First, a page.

financial planning for federal retirement ; image: financial planner sipping tea
  • Learn the importance of managing income in the first several months after retiring from the federal government
  • Expanding the gap between TSP withdrawals and why you need a rainy day fund
  • Financial planning for federal employees can help ease transition from in-service to retired

As federal employees approach their retirement date, they should start thinking about getting their retirement income “ducks” in a row. For FERS retirees, these income sources should include TSP savings and possibly other retirement savings accounts like traditional and Roth IRAs, the FERS pension (and maybe a military pension, too), and then social security plus other income sources such as rental properties or non-retirement investment accounts.

The pension, TSP, and Social Security income supports what has been called the ‘three legged’ stool of a FERS retirement, but at Serving Those Who Serve we believe there is a crucial fourth leg – strategy. One thing is for sure, though, all of these income sources don’t distribute payments at the same time and a good financial plan can help develop a “rhythm of income.”

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Some helpful pointers and reminders for feds gearing up for retirement include:

  • FERS Pension Interim Status – Don’t forget that it takes OPM over a month, and sometimes as long as 9 months, to process your retirement application. In this timeframe, federal retirees will get interim checks that will be 60% to 70% of the full amount. This is why it is a good idea to have a cash reserve to cover 3 to 5 months of expected expenses. But what about unexpected expenses?
  • Rainy Day Fund – In addition to the cash reserve to make up for the reduced interim checks, an emergency reserve is also a good idea. This is where the payout from unused annual leave can come in handy if you haven’t used that to fund the cash reserve for expected expenses mentioned above. The first few months of retirement is also a good time to evaluate what monthly expenditures can be trimmed to free up some spending money.
  • Managing the Thrift Savings Plan – If possible, wait as long as you can be starting take money from the TSP. Whether you keep your savings in the TSP or move it over to an IRA, a solid financial plan should be crafted to ensure your qualified withdrawals incur the least amount of tax liability while not derailing one’s investment strategy.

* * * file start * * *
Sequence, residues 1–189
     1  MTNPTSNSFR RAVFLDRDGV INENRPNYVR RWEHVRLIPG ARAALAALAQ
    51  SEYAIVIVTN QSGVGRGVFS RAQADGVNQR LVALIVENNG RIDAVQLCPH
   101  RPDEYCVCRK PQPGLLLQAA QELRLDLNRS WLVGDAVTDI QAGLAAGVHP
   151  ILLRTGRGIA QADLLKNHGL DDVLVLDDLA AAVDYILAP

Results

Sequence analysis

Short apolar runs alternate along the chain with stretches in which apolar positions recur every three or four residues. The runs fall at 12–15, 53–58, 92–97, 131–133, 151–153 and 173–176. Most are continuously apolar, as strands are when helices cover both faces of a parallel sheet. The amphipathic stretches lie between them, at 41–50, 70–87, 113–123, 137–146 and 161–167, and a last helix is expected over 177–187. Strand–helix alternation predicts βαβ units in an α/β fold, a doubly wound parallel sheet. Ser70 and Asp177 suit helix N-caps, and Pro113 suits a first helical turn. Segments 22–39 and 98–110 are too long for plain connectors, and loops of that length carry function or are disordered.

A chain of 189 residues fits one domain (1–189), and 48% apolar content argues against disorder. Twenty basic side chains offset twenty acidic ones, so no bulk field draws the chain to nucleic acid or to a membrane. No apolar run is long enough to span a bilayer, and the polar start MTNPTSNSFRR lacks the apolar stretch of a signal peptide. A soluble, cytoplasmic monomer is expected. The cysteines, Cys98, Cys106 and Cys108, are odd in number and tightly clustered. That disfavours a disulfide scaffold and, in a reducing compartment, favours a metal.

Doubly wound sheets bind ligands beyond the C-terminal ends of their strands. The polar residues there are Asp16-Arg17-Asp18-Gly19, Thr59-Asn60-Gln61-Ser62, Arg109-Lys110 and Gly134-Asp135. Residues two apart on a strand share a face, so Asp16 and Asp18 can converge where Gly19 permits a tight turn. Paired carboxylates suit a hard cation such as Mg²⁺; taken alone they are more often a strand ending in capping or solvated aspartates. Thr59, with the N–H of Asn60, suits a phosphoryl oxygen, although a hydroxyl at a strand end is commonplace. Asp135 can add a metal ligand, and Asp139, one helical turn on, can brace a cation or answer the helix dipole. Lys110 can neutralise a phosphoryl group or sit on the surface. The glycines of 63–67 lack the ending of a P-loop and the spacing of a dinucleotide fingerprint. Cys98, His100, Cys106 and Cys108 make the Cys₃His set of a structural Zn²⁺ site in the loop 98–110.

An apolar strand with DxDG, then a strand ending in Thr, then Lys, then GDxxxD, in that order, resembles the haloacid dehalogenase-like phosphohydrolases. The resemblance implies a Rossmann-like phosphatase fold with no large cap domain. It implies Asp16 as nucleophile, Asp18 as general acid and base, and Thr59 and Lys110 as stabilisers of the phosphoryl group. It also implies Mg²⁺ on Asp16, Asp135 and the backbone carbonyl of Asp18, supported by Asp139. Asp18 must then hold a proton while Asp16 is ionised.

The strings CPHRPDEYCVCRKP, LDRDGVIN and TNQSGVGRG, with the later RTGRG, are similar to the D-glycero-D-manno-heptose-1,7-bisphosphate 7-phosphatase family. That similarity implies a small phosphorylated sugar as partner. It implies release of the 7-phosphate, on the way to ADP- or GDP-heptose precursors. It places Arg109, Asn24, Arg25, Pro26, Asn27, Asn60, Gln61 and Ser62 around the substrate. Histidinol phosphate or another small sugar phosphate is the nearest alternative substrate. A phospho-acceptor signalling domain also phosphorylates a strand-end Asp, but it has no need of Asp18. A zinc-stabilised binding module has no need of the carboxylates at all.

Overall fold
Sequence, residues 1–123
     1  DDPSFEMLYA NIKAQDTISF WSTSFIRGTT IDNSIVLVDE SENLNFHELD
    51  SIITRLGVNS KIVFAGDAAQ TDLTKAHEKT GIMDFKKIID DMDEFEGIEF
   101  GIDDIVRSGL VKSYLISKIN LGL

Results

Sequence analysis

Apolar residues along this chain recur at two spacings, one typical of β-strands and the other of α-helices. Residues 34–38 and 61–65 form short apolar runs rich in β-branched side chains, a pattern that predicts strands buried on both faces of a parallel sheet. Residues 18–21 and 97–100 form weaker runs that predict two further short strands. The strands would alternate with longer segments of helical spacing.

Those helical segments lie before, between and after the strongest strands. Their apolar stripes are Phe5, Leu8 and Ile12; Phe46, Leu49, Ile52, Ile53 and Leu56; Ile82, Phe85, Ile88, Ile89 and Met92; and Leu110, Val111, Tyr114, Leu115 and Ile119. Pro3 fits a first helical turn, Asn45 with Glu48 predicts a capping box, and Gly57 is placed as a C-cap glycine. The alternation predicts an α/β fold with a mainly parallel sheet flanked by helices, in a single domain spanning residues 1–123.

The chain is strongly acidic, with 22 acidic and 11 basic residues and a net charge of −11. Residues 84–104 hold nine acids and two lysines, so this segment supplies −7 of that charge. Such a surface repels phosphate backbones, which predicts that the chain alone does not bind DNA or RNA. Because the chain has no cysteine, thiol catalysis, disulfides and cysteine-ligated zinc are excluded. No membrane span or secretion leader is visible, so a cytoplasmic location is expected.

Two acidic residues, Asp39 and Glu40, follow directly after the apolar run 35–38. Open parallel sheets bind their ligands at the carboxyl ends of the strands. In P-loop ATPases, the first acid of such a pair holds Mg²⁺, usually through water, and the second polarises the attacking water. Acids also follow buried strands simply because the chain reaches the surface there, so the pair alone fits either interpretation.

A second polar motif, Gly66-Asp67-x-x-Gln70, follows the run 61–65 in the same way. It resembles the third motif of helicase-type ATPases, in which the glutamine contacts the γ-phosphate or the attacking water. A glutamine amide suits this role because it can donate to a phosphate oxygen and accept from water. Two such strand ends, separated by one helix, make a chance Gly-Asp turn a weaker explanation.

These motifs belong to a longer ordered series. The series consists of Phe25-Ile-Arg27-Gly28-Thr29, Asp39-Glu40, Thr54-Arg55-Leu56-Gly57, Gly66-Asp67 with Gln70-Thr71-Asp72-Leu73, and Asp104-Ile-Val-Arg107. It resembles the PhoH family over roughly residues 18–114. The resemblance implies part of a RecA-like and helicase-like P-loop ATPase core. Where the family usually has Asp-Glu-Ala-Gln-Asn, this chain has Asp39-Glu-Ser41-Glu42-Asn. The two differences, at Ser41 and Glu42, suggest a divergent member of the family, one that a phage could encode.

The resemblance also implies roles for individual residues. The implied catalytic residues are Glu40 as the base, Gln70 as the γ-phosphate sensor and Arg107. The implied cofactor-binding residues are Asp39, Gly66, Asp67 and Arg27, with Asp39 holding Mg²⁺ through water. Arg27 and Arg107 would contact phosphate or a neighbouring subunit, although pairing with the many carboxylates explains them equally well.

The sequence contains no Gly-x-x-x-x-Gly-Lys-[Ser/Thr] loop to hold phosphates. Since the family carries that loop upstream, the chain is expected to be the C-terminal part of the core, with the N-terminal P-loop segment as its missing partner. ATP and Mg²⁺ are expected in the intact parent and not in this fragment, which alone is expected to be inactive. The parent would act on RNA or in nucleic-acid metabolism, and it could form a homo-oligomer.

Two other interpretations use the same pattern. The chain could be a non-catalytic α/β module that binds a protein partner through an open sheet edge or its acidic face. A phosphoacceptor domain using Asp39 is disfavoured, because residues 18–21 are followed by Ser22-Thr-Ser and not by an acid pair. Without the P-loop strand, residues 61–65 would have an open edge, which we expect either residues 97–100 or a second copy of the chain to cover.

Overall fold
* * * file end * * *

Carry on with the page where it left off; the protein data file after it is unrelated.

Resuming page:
• Social Security – If you’re retiring early, or at least before you decide to claim social security benefits, then you’ll need something to supplement this income in retirement. For feds who retire before age 62, the special retirement supplement (SRS) is available for some, but there are things to keep in mind, including the earnings test and knowing which types of retirement are eligible to receive SRS payments.

Financial Planning for Federal Employees

For federal employees approaching retirement who decide to seek the advice of a financial planner, there are few things to watch out for when it comes to picking a good advisor. The first is to look for a fiduciary – meaning they have to act in the best interest of their clients. While advisors who have earned a Series 66 certification have several fiduciary duties, an advisor who is also an Accredited Investment Fiduciary (AIF®) adheres to a stringent code of ethics and has demonstrated a deep knowledge of how to practice as a fiduciary.

Next, a “fed-focused” financial advisor should have the only certification recognized by FINRA that pertains to federal employee retirement benefits: the ChFEBC℠ (Chartered Federal Employee Benefits Consultant) designation. But in addition to this, a Certified Financial Planner (CFP®) can be more helpful to feds when it comes to designing a resilient financial plan and attaining that “rhythm of income” discussed earlier.

Schedule a no-obligation consultation with a Serving Those Who Serve advisor today! –


Until Next Time,

Benefits Ben, STWS

**Written by Benjamin Derge, Financial Planner, ChFEBC℠ The information has been obtained from sources considered reliable but we do not guarantee that the foregoing material is accurate or complete. Any opinions are those of Benjamin Derge and not necessarily those of RJFS or Raymond James. Links are being provided for information purposes only. Expressions of opinion are as of this date and are subject to change without notice. Raymond James is not affiliated with and does not endorse, authorize, or sponsor any of the listed websites or their respective sponsors.

Financial Planning for Federal Employees; image: young woman sipping coffee with financial strategy

Financial Planning for Federal Employees